Hot Cars Can Quickly Become Deadly for Children if Left Unattended

As summer temperatures continue to reach record highs across the country, it’s important to remember that while these summer days are great for the pool and the beach, they’re not so good for the inside of cars, which can raise to deadly temperatures in a very short period of time. Safe Kids Cobb County reminds caregivers to never leave children alone in cars.

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Sadly, so far this summer, 13 children have died from heatstroke in hot cars; Georgia accounts for two of those fatalities. Between 1998 and 2012, 20 of the nation’s vehicle-related hyperthermia child deaths occurred in Georgia.

These tragedies are happening far too often. They are heartbreaking and preventable, and a reminder for all of us to be aware of the dangers of leaving a child alone in a hot car,” said Viva Price, Safe Kids Cobb County.  “Many people are shocked to learn how hot the inside of a car can actually get. On an 80 degree day, the temperature inside of a car can rise 20 degrees in as little as 10 minutes and keep getting hotter with each passing minute. You can only imagine what happens when the temperature outside is 100 degrees or more. And cracking the window doesn’t help.”

Heatstroke sets in when the body isn’t able to cool itself quickly enough. A child’s body heats up three to five times faster than adult’s, making them more susceptible to heatstroke. When a child’s internal temperature reaches 104 degrees, major organs begin to shut down, and when that temperature reaches 107 degrees, the child can die.

Since 1998, at least 619 children across the United States have died in cars from heatstroke – that’s one child every 10 days.

The key to preventing these tragedies is for every parent and caregiver to understand that this can happen to anybody. It can also be avoided with a little awareness and by taking a few simple precautions.

Safe Kids is asking everyone to help protect kids by remembering to ACT:

  • A: Avoid heatstroke-related injury and death by never leaving your child alone in a car, not even for a minute. And make sure to keep your car locked when you’re not in it so kids don’t get in on their own.  Always look before you lock your car.
  • C: Create reminders by putting something in the back of your car next to your child such as a briefcase, a purse or a cell phone that is needed at your final destination. This is especially important if you’re not following your normal routine.
  • T: Take action. If you see a child alone in a car, call 911. Emergency personnel want you to call. They are trained to respond to these situations. One call could save a life.

For more information on preventing child heatstroke deaths, contact 770-852-3285 or please visit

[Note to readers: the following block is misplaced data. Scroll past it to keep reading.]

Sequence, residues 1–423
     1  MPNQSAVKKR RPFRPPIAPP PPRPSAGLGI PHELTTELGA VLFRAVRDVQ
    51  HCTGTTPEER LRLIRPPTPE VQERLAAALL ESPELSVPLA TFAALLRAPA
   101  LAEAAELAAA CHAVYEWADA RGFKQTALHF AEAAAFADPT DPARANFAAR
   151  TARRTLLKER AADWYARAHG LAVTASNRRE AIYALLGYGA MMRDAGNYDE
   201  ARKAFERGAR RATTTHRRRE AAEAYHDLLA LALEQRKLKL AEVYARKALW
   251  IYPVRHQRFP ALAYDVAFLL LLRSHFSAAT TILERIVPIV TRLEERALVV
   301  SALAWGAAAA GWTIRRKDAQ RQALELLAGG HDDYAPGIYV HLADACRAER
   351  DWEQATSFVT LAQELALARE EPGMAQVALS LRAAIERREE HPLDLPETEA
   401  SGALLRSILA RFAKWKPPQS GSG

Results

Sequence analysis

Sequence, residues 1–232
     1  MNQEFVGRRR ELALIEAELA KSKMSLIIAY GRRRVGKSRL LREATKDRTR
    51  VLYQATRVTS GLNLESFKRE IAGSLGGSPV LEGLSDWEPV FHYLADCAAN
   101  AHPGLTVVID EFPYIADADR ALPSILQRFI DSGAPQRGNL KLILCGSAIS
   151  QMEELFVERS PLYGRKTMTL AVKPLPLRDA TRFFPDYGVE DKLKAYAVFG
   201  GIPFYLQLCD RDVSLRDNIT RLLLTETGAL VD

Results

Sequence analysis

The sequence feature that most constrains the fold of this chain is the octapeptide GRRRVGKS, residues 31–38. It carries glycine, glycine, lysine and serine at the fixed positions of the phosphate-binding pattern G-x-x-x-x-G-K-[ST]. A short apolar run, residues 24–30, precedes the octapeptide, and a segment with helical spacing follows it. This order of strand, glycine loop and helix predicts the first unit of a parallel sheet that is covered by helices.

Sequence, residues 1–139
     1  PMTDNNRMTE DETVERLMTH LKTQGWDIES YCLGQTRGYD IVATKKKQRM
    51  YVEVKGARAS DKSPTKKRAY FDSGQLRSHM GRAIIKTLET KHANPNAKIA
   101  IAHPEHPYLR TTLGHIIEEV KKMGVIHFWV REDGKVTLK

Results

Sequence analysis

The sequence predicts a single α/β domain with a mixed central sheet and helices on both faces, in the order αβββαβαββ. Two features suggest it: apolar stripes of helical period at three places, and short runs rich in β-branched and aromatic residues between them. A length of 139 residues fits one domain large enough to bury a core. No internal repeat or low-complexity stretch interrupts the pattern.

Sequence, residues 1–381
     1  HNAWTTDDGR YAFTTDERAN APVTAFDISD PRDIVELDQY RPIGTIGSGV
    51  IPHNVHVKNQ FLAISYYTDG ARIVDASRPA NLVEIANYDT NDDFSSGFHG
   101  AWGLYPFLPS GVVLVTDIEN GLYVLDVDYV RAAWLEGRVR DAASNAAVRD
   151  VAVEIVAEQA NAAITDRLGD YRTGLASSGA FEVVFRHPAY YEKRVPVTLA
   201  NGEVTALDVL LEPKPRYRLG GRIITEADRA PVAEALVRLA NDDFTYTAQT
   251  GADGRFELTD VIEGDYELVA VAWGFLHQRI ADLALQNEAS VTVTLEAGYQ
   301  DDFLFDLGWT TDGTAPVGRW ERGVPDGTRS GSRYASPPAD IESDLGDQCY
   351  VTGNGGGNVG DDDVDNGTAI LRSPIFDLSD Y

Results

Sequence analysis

Safe Kids Cobb County educates on child safety both in and around vehicles. Nearly three out of four car seats are installed incorrectly; however nine out of ten parents believe their child safety seat is securely fitted. Safe Kids Cobb County offers free child safety seat inspections to families at the Cobb County Safety Village.  Safe Kids Cobb County also provides child restraints to families in need. Families may make an appointment to utilize these services at

About Safe Kids Cobb County
Safe Kids Cobb County works to prevent unintentional childhood injury, the number one cause of death for children in the United States. Its members include Cobb County Public Safety, Cobb County Fire and Emergency Services, Cobb County Safety Village, FedEx, MetroAtlanta Ambulance Service, US Army Corps of Engineers, Smyrna Fire, Puckett EMS, Cobb County Department of Family and Children Services, Georgia Child Fatality Review Board, Cobb County Parks, Recreation and Cultural Affairs.

Safe Kids Cobb County is a member of Safe Kids Worldwide, a global network of organizations dedicated to preventing unintentional injury. Safe Kids Cobb County was founded in 1991 and is led by Cobb and Douglas Public Health and WellStar Healthy Systems, Inc. For more information, visit or

About the General Motors Foundation and Safe Kids Buckle Up
Beginning in 1997, General Motors and the GM Foundation have served as Safe Kids Worldwide’s exclusive funding source and helped build the Safe Kids Buckle Up program into a multifaceted national initiative, bringing motor vehicle safety messages to children and families through community and dealer partnerships.  To date, more than 22 million people have been exposed to Safe Kids Worldwide events and community outreach efforts. Certified child passenger safety technicians working through Safe Kids coalitions have examined over 1.5 million child safety seats at over 80,000 events, and the program has provided over 550,000 seats to families in need.